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Old sink recirculating parts washer
Ivan Zimmerman, Denver, Penn., made an inexpensive recirculating parts washer by bolting an 8-ft. long, 2-ft. wide nickleplated steel sink removed from an old house to a concrete wall inside his shop.
"It's big enough to wash engine heads and blocks and cost almost nothing to make," says Zimmerman.
He installed a pair of milk cans, as well as a water pump removed from an old pressure system, under the sink. One can is on the pressure side of the pump and the other is on the intake side. A hose equipped with a brush runs from the pressurized tank to the sink. Dirty parts cleaning fluid drains from the sink into the intake side can where dirt settles out on the bottom. Clean solvent is then pumped into the pressure side can which charges the system. When the pressure gets low the water pump starts up automatically.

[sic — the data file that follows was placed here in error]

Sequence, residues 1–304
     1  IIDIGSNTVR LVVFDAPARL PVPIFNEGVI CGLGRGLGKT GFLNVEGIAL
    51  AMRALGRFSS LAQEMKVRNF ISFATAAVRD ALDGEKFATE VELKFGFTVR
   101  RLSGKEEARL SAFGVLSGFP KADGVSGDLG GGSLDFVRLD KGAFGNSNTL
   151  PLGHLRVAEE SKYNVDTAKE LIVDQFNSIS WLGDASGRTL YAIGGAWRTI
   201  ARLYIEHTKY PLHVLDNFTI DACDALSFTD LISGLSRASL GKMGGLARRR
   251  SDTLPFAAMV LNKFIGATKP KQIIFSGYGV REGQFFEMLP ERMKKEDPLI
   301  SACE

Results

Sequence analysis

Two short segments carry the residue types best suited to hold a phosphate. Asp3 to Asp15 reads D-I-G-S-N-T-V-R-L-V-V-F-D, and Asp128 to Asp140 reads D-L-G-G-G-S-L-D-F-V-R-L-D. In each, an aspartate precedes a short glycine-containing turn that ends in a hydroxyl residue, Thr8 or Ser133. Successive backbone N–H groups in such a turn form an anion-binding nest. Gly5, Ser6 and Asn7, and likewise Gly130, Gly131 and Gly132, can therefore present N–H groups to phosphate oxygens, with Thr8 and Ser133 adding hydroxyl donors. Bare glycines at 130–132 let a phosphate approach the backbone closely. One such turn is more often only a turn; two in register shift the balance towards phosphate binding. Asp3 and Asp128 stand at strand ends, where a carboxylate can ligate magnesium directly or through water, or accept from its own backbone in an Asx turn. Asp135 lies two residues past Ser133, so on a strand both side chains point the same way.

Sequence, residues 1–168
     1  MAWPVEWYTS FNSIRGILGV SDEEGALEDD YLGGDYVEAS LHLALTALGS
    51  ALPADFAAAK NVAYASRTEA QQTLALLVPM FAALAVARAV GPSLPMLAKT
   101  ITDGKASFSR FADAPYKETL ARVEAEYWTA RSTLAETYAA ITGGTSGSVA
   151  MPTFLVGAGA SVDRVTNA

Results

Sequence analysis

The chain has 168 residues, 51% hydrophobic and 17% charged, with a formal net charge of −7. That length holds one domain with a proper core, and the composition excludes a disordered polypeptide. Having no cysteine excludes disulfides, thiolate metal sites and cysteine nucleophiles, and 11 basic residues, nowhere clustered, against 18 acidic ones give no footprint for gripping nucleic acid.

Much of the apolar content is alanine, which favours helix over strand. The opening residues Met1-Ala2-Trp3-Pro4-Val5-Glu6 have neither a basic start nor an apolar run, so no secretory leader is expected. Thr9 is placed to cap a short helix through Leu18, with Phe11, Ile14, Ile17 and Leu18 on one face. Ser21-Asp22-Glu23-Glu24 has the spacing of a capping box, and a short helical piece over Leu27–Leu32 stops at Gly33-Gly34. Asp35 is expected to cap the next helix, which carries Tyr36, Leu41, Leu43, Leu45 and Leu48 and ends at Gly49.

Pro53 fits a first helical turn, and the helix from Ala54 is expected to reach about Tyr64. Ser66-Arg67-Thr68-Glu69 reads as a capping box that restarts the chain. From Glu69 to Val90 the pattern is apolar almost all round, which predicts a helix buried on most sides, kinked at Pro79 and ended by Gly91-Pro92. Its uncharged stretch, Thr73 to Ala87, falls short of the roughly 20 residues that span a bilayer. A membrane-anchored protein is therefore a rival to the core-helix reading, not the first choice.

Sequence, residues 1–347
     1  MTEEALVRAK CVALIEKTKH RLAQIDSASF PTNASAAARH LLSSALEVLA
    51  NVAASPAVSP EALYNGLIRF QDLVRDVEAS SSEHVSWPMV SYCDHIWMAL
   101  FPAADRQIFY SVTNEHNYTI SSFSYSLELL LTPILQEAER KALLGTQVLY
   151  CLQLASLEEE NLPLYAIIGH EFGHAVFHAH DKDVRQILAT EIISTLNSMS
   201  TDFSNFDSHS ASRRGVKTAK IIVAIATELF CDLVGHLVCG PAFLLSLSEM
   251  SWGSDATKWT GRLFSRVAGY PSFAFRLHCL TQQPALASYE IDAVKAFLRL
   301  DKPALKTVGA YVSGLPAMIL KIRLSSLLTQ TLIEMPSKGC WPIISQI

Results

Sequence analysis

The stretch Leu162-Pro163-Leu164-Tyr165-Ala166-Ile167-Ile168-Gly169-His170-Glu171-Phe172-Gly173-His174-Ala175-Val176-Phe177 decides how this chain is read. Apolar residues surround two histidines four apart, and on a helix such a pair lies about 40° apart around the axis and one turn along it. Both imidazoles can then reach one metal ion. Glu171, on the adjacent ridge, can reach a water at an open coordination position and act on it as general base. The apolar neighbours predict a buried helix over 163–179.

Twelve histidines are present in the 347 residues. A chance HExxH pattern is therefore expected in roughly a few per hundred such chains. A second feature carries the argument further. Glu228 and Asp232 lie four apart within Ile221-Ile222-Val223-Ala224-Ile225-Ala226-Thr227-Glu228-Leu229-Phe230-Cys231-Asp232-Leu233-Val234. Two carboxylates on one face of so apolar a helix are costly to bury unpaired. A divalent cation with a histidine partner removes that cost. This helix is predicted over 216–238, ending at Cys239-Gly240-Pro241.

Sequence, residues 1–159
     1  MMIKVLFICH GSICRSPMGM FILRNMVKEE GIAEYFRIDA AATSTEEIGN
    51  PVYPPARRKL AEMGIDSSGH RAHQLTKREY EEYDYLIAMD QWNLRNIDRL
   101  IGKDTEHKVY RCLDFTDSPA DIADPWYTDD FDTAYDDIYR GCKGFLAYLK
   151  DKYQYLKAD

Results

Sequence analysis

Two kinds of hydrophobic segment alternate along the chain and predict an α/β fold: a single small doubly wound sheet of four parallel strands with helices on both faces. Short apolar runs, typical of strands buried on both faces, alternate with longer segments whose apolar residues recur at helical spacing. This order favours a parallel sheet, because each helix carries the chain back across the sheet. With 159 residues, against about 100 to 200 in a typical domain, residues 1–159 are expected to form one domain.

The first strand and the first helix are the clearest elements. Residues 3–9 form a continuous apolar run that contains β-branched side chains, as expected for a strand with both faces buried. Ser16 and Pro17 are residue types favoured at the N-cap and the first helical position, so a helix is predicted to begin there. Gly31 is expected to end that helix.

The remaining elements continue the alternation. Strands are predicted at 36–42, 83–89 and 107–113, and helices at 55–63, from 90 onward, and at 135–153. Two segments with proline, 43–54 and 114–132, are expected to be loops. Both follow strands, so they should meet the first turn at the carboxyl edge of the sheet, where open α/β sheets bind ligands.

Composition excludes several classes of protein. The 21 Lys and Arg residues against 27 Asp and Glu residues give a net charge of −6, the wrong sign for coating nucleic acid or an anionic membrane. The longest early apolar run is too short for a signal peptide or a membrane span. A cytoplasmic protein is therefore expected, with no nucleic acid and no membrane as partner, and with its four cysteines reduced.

Contact: FARM SHOW Followup, Ivan Zimmerman, RD 1, Box 408, Denver, Penn. 17517 (ph 215 267-2459).

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1990 - Volume #14, Issue #4